Ubuntu installation notes

Some things I had to do when I first installed Ubuntu.

As I plan to install it again at home these notes will come in handy (maybe only for me).

First off; I installed it on a new partition, keeping my old Slackware install on another partition.

The first thing to do is to set it up so that I can still boot back into Slackware – just in case.

Dual boot

Mount the old Slackware partition, I normally mount it on /mnt/old as I often need to refer to old config files etc.

Copy the slackware kernel image from /mnt/old/boot to /boot on Ubuntu.

Edit /boot/grub/menu.lst and add an entry for the old kernel.

Edit the entry so that it boots off the correct partition (note: grub partitions count from zero).


The next thing was to install the NVidia drivers so that I could run it at 1600X1200.

Luckily there’s a HOWTO for that – (I followed method 1).


After installation I edited /etc/X11/xorg.conf to add 1600X1200 as a resolution for the 24 bit colour depth line.

keyboard shortcuts

I’m very big on keyboard shortcuts and multiple workspaces so I then did the following:

Increase number of workspaces to 6

Right click panel; Preferences.

Map keyboard shortcut to each workspace (Alt-1, Alt-2 etc)

Run gconf-editor /apps/metacity

Edit Global keybindings.

Map keyboard shortcuts to arbitrary commands

Run gconf-editor /apps/metacity

Add command to “keybinding_commands”

Map key to “run_command_n” in “global_keybindings”


I then installed qmail by following http://www.lifewithqmail.org/lwq.html#installation.


A friend (the one who gave me the Ubuntu CD) told me to look at Automatix.

It sets up lots of stuff for you with a nice installer tool.


Stuff I installed

I also installed a whole bunch of stuff using the Synaptic package manager.

I got this list from the history feature in Synaptic.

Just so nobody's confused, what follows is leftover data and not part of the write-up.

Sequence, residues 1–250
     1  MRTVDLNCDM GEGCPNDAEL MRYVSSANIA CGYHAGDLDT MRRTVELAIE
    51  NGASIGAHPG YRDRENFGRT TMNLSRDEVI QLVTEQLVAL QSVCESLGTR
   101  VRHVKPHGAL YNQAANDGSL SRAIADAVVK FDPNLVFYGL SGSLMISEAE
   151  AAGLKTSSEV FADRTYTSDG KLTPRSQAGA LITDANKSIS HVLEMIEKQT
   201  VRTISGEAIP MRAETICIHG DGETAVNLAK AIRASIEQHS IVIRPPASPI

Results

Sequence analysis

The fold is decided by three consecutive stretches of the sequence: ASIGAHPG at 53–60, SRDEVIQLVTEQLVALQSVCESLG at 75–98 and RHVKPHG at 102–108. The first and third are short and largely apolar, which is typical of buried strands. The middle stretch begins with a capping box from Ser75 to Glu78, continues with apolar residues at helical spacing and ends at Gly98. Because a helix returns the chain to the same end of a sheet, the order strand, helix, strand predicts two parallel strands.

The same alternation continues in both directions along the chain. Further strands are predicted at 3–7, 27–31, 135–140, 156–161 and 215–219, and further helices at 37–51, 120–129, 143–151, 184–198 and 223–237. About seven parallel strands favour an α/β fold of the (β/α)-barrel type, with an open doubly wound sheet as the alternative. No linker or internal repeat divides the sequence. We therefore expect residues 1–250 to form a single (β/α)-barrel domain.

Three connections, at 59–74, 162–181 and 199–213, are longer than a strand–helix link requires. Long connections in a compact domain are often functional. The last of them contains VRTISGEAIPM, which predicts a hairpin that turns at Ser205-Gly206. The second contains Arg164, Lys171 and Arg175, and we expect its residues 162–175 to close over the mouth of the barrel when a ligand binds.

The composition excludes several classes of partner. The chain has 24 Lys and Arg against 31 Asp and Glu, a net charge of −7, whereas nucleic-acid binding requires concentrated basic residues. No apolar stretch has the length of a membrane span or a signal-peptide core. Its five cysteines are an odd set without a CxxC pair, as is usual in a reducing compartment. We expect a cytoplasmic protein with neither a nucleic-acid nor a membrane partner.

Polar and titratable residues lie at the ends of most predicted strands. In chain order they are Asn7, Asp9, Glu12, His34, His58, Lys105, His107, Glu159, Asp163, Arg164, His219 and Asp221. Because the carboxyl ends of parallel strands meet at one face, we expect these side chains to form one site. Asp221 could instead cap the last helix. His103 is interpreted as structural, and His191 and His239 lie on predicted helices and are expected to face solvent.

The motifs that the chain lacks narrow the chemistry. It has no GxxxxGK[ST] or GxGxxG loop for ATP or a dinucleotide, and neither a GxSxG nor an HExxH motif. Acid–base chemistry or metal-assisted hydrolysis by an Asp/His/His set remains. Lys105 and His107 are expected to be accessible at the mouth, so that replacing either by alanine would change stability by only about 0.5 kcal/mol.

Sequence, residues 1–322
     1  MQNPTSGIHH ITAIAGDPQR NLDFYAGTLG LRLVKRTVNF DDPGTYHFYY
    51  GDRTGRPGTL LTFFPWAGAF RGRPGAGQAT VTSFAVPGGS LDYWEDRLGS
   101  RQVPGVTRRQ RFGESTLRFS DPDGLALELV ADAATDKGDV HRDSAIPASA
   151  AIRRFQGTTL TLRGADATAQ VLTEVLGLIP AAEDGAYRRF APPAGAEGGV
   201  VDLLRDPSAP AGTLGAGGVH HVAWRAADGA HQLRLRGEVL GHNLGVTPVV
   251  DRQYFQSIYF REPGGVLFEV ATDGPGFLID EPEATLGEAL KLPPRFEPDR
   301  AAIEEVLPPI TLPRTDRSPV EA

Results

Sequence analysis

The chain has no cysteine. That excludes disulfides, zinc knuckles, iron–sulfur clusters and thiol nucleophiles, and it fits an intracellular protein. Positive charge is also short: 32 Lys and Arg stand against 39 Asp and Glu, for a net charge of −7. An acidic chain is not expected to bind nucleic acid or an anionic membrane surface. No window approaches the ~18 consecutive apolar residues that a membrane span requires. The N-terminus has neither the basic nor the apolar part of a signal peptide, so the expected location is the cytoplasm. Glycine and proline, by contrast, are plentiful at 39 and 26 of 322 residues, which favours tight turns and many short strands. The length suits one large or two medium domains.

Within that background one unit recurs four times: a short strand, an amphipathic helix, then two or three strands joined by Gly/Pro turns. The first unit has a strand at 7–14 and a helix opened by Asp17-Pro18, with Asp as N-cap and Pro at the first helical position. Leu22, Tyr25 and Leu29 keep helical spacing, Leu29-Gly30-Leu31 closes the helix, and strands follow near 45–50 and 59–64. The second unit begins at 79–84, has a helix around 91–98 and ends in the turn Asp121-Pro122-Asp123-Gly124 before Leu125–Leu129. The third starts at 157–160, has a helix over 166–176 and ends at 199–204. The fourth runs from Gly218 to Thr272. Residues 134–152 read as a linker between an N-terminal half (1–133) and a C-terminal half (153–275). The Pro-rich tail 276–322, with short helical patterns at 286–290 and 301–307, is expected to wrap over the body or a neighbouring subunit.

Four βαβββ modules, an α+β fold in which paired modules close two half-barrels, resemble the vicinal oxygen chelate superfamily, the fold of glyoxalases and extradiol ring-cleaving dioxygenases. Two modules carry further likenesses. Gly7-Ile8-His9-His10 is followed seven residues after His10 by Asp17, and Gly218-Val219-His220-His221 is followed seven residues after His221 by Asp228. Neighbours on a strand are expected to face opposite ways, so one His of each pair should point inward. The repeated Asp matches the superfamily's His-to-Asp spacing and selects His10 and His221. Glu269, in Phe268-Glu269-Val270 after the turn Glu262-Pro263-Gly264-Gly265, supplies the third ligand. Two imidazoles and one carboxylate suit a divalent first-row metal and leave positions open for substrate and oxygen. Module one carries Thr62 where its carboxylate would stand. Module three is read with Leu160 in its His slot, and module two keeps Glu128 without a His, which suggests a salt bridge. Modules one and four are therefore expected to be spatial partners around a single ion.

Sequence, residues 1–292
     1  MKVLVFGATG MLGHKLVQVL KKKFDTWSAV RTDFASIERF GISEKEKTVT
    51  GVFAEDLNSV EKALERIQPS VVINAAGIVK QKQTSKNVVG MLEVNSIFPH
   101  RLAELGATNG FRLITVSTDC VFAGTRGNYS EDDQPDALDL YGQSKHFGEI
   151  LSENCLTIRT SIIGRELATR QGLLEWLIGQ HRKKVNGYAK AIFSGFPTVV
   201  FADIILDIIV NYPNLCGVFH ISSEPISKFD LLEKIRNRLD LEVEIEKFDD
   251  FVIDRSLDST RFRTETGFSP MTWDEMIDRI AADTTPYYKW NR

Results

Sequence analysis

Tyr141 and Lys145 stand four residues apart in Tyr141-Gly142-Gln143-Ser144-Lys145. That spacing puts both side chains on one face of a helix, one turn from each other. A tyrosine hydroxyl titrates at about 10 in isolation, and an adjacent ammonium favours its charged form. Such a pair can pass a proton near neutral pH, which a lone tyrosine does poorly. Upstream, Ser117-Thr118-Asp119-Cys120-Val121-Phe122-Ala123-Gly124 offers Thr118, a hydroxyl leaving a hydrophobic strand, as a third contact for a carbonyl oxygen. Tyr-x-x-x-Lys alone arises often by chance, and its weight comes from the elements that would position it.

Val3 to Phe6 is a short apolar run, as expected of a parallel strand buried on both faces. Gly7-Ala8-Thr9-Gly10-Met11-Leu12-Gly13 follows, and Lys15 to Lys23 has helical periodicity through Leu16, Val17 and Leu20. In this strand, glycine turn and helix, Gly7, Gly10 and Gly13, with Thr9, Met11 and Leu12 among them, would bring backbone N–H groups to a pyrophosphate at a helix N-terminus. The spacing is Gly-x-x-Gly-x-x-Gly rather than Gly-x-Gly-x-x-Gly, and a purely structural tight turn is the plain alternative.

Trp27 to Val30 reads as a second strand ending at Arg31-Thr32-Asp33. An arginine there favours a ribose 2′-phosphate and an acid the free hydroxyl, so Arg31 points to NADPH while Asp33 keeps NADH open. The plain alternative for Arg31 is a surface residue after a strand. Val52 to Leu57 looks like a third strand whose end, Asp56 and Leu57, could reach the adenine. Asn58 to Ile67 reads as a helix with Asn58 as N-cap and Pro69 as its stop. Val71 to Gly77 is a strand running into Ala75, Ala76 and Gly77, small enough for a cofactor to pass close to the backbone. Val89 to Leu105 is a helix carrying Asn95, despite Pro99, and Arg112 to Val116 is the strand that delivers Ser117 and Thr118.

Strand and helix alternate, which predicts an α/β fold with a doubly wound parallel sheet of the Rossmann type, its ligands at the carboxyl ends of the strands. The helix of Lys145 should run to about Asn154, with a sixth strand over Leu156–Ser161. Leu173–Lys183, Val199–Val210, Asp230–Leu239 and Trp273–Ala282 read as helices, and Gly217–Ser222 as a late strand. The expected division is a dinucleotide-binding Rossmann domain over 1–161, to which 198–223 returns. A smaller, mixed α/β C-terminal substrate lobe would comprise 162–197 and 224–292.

That’s about it.

I still have a few things to sort out – mutt is playing up – so I’m having a play with Evolution.

xmms is skipping when playing music streams from home – not sure yet why that is.

But so much other stuff works better than it did in Slackware so overall I’m happy.


I’ve spent yesterday and today installing Ubuntu.

This is a big deal for me, I’ve been running Slackware as my main OS at home and work since around 2000.

My main reason for switching was that the latest release of Slackware no longer comes with Gnome. I don’t run the Gnome desktop environment, but I like my apps to be compiled against Gnome as I prefer its look and feel to GTK.

A few weeks ago one of the chaps at work handed me an Ubuntu live CD to try out, I figured it wouldn’t hurt to try it out so I gave it a whirl.

I liked it, so eventually I took the plunge and installed it properly.

I set it up to dual boot so I can still go back to Slackware if I need to.

So far though, I like it.

Not sure about all these GUI apps though, I’m used to running Slackware – when I want to do something I hack on text files using vi.

Now I’m supposed to run some fancy-schmancy GUI tool instead. That’s not what Linux is all about surely! 🙂